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Long-distance vMotion inches toward reality…who will use it?

A new product announced by VMware parent company EMC Corp. this week could lay the groundwork for live migration of virtual servers over large geographic distances. But storage is just one part of that battle and some experts question whether the cost of long-distance vMotion will be justifiable even when the technology is ready for prime time.

Distance vMotion, a concept discussed in VMware circles since at least 2009, already exists in the wild today, and VPlex Geo is third in a line of storage federation products EMC introduced a year ago to support it. The first two models, VPlex Local and VPlex Metro , are available and used in production for federated storage access across distances of up to 100 kilometers.

The introduction of VPlex Geo means it’s now technically possible to perform live migrations of VMs and their associated data across thousands of miles. A VPlex Global model is also still waiting in the wings, which EMC says will support cross-continental live migrations.

These products could at least theoretically change disaster recovery and automated high availability in virtual environments, if they take off. The ability to federate storage with transactionally consistent caching over distance – meaning data centers that are miles apart can be pooled and used as one resource, a step beyond replication-driven HA and failover between sites — also has potential uses for data mobility (“cloud bursting”) and multi-site collaboration.

Devil’s in the details

However, three factors hamper long-distance vMotion: its low tolerance for network latency; networking bandwidth requirements; and cost.

Scott Lowe, VMware-Cisco solutions principal for EMC, emphasized in Tweets on Tuesday that the existence of VPlex Geo means does not mean immediate availability of fully supported, production-ready vMotion over asynchronous distances, “Not yet.” Lowe said. “Need to watch vMotion [Round Trip Time] limits.” On Wednesday, he added, “see VMware’s support statements regarding requirements for long-distance vMotion.”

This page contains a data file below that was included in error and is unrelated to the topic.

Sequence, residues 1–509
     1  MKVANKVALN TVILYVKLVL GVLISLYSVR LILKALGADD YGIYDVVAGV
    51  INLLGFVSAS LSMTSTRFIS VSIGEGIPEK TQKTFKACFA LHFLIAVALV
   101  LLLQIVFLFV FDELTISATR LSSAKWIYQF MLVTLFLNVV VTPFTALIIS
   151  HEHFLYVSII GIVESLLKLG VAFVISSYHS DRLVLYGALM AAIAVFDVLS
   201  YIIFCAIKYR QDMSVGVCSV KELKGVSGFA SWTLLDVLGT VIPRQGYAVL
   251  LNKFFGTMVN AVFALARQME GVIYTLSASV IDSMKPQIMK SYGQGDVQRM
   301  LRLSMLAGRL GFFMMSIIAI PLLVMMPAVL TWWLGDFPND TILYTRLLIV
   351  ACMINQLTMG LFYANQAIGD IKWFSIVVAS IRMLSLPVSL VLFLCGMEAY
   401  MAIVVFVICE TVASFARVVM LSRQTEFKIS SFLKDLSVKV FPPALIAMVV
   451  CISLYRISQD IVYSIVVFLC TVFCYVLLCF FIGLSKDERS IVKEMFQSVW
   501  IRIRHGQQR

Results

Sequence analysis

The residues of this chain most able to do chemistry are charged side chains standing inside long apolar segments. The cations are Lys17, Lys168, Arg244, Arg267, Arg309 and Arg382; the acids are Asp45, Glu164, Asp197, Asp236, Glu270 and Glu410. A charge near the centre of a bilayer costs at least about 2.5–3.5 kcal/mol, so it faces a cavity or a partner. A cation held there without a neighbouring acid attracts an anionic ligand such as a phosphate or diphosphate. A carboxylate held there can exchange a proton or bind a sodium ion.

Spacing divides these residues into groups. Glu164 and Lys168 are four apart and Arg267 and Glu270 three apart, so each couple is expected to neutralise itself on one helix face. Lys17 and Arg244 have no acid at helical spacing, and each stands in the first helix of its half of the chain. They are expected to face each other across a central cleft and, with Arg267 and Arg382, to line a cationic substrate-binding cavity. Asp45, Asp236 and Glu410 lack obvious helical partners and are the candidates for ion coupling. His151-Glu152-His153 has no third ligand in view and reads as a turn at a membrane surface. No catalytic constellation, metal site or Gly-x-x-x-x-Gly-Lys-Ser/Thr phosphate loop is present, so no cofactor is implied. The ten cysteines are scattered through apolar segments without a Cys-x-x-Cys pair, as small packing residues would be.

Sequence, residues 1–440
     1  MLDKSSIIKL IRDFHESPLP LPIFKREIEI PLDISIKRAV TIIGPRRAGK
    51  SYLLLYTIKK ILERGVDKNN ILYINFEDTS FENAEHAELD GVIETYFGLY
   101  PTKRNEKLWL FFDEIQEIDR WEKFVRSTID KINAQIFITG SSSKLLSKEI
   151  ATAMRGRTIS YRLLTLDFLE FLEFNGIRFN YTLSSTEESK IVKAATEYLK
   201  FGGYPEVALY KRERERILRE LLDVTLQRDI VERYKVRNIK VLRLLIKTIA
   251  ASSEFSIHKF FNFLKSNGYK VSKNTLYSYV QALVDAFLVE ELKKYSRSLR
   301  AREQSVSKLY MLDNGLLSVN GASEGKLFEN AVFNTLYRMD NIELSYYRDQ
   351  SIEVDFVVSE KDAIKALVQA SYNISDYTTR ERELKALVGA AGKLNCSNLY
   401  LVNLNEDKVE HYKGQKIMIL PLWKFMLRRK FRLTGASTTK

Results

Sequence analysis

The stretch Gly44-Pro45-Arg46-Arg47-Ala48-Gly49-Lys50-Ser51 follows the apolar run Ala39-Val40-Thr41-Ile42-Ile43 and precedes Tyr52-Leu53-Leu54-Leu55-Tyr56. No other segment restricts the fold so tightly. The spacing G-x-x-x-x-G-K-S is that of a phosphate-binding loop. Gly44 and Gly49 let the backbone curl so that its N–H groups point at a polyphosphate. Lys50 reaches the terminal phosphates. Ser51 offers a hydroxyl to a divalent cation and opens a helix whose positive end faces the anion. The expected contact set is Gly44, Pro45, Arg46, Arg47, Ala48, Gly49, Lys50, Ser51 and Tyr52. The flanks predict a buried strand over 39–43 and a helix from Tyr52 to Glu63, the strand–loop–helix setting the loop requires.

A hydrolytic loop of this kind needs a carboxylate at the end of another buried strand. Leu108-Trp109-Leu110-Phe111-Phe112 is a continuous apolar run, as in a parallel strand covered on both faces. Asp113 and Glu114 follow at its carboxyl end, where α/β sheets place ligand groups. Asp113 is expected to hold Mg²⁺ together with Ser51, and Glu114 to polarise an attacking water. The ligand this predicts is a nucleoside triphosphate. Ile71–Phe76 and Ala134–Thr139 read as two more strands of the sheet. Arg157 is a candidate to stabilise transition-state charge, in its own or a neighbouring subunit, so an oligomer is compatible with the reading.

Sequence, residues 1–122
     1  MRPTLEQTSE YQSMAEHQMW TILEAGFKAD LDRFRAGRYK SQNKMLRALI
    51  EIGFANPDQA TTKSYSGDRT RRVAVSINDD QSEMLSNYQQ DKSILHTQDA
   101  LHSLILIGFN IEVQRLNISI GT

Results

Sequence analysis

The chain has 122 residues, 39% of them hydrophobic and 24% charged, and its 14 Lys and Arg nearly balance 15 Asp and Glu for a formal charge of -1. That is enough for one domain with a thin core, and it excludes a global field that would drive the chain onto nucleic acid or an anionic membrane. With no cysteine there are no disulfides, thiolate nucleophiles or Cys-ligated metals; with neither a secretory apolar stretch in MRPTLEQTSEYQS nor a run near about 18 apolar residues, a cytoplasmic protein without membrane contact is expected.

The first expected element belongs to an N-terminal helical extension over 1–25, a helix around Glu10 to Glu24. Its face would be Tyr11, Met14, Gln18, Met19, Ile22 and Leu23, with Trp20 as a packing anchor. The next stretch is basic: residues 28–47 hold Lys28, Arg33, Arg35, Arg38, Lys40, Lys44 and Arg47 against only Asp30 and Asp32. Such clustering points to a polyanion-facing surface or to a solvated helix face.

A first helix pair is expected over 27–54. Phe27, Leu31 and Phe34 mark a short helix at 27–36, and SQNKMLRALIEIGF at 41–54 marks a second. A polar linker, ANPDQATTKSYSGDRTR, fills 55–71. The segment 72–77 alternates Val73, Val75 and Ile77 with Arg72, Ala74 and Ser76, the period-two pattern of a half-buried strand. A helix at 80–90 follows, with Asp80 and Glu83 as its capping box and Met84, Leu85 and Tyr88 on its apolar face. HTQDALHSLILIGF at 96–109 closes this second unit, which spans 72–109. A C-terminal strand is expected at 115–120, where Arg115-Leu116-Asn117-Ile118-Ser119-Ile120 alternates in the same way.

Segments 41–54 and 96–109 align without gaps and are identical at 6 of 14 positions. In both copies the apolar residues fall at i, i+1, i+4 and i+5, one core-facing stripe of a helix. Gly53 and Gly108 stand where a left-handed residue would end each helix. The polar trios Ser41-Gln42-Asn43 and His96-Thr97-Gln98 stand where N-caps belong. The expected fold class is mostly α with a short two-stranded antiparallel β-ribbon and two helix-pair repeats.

According to the document, “Virtual Machine Mobility with VMware VMotion and Cisco Data Center Interconnect Technologies,” the maximum latency between the two VMware vSphere servers cannot exceed 5 milliseconds (ms) in any case. This could change, of course, but has yet to do so. No official support statement for vMotion over asynchronous distances has been issued by either VMware or EMC.

Meanwhile, the VMware / Cisco support document for distance vMotion also includes the requirement that “the IP subnet on which the virtual machine resides must be accessible from both the source and destination VMware ESX servers.” This is also known as Layer 2 adjacency, and the current support document calls for an IP network with a minimum bandwidth of 622 Mbps between sites to accomodate it.  Such a configuration over distance also involves logically “stretching” the Layer 2 domain, through technologies such as Cisco’s Overlay Transport Virtualization (OTV).